Alberto Mora is a current graduate student in the Latin American Studies program.
As someone who was born and raised in the Bay Area, coming to Stanford University as a student can almost feel like an entirely different world. The campus itself perpetuates the illusion that the Bay Area is a socially progressive utopia. The harsh reality, however, is that the Bay Area is massively unequal and highly stratified. For example, I was born and raised in Redwood City, a mid-sized suburban city that is about 10 minutes away from campus; however, despite my familiarity with and proximity to Palo Alto, I felt like a stranger when I first came here. Given Stanford’s worldwide reputation as a premier university, as well as its deep connections to Silicon Valley, it is easy to understand why it is such an attractive choice for many students. Nevertheless, in six months at Stanford, only five of the countless undergraduate and graduate students I met were originally from the Bay Area. According to Stanford’s undergraduate student profile for Fall 2021, of the 7,645 matriculated undergraduate students, only 36% were from California, while international and out-of-state students accounted for 64% of the student population. Furthermore, the statistics do not reveal what fraction of the 36% of students from California is actually from the Bay Area. While I am not critiquing the type of student that comes to Stanford, it is important to let Stanford students know that life at the university is not representative of what many people experience in the Bay.
Perhaps many students know how the San Francisco Bay Area is infamous for its severe housing crisis, yet I doubt that many actually understand what that entails. Being the son of Mexican immigrants, I grew up in a small unincorporated section of Redwood City known as North Fair Oaks, or as it’s known colloquially, “Little Mexico.” Due to its large Mexican/Latinx population, North Fair Oaks has been a historically low-income community that for the most part has been segregated from the rest of Redwood City. It was here that my parents were able to afford a home; that is, until the 2008-2009 subprime mortgage crisis and subsequent recession. Since then, my family and I have moved from apartment to apartment trying to support ourselves during one of the most financially challenging times in U.S. history. By the time I graduated high school back in 2014, and with the economy beginning to recuperate, we were unable to compete with the rising housing costs due to the influx of tech workers in the Silicon Valley; we had no other choice but to move to the East Bay. Even to this day, the ripple effect of the housing crisis and gentrification is pushing my family out, making it more difficult to continue living in the Bay Area. Adding insult to injury, the last information I heard about my childhood home that was foreclosed on us back in 2010 was that it sold for $1.3 million dollars a few years later.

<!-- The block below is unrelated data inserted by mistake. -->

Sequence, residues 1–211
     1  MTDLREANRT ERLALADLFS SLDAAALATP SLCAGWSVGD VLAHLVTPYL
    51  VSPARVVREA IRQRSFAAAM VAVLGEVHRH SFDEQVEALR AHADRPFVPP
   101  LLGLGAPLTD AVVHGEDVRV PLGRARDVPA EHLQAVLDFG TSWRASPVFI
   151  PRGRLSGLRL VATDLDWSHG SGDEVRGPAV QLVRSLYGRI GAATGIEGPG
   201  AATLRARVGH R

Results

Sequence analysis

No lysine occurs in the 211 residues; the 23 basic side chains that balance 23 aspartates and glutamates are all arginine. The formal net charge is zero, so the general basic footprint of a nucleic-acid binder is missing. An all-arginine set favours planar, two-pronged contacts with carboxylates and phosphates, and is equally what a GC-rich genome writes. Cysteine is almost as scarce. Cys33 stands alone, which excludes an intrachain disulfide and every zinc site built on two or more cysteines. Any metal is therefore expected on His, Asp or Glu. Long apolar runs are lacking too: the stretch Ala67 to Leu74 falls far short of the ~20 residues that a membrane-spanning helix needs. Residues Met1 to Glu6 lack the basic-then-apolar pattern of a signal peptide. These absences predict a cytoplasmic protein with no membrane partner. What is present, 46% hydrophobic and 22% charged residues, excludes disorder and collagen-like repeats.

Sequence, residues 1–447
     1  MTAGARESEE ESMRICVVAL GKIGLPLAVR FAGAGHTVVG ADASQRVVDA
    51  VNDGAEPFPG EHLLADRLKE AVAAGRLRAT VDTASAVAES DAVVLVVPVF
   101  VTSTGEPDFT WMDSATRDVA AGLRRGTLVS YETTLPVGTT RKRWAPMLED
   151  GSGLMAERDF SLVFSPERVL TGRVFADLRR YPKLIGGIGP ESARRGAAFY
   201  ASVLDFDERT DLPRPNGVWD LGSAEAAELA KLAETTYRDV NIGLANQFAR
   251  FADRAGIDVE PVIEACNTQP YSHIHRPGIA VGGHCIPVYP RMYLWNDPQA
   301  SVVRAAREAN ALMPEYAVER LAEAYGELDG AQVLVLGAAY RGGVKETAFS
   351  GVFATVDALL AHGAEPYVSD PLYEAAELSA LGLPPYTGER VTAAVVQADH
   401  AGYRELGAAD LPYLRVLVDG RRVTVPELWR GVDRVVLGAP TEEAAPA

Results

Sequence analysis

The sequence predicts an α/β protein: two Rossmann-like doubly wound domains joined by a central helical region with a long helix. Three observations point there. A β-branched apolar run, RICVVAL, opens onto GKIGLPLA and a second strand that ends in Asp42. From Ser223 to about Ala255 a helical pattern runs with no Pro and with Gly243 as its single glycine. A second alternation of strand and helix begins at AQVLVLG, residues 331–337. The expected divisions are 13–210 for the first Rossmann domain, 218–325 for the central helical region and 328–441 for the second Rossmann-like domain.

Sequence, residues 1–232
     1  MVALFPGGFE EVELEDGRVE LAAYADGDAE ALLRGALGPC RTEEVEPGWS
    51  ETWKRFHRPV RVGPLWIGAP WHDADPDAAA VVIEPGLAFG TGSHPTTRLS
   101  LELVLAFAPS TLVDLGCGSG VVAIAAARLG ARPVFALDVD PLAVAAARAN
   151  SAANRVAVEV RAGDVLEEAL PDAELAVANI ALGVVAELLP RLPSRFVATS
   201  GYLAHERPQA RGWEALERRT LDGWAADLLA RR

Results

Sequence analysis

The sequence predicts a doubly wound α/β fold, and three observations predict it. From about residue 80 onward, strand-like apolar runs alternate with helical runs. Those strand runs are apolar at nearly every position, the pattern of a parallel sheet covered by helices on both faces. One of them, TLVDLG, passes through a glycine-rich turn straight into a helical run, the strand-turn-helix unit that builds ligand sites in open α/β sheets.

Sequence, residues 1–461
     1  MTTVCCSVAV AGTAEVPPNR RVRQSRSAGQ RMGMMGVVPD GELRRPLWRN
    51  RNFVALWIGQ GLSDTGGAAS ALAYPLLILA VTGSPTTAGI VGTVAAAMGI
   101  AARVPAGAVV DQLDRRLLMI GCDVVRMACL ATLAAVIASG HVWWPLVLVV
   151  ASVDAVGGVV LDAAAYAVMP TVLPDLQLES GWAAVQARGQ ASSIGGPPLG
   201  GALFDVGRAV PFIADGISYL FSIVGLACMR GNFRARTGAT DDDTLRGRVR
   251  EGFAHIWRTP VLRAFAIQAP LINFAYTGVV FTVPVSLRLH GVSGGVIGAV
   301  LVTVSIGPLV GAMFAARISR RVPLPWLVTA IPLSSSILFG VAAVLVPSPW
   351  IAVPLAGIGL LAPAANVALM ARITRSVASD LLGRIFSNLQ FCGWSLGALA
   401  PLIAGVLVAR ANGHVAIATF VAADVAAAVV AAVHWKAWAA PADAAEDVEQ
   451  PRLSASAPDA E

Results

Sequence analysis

Contrasting this to the present day, many students who find out I’m from here often ask about the best hang-out spots in San Francisco or San Jose, or the best places to eat, or where the best beaches or hiking trails are located. As someone who has had to climb an overwhelmingly large mountain to get here, a place that has been figuratively in my backyard yet drastically out of my reach, I can’t help but feel a twinge of pain and frustration. To feel like a stranger or tourist in one’s own home and neighborhood gives the impression that my life experiences and overall existence here are invalidated or unwanted amid the changing demographics of the Bay Area. This is not to say that students here are overtly oblivious to the greater socio-economic disparity around the Bay Area; rather, Stanford seems to almost enclose students in an environment where most basic necessities and other services like healthcare, childcare, sports and other amenities are taken care of one way or another. Many students spend their time here without ever exploring the “real” Bay Area.
My goal in raising awareness of this issue is not to blame Stanford or guilt Stanford students, but I believe that everyone here on campus should take the time to investigate this divide between Stanford and the rest of the Bay. To the University’s credit, Stanford seems to be taking steps to bridge this gap by offering community engagement programs like Cardinal Courses that “engage in projects and partnerships in the community that address social or environmental challenges,” or by providing internship opportunities to local middle school and high school students. Nevertheless, I would suggest that Stanford students who truly want to get an “authentic” Bay Area experience should physically explore areas that aren’t often advertised around campus. A simple BART ride through Oakland, traveling through East Palo Alto, or walking through the Alum Rock area of San Jose can be an eye-opening experience. It’ll give you a more real sense of what the Bay Area is like rather than exploring the Googleplex, ApplePark or Facebook’s headquarters.
So when students on campus are often basking in the warm California weather, or lounging about at the Coupa Café, lamenting about the exorbitant prices at the local grocery stores on campus or around Palo Alto, or hiking through the Santa Cruz mountains, please note that there are tangible, social inequities that prevent people in the Bay Area from having the same access and privilege afforded to students here at Stanford. As more and more low-income and a disproportionately large number of primarily minority families in and around the Bay are being pushed out of their homes, remember that Stanford does not represent what true life is like in the Bay Area.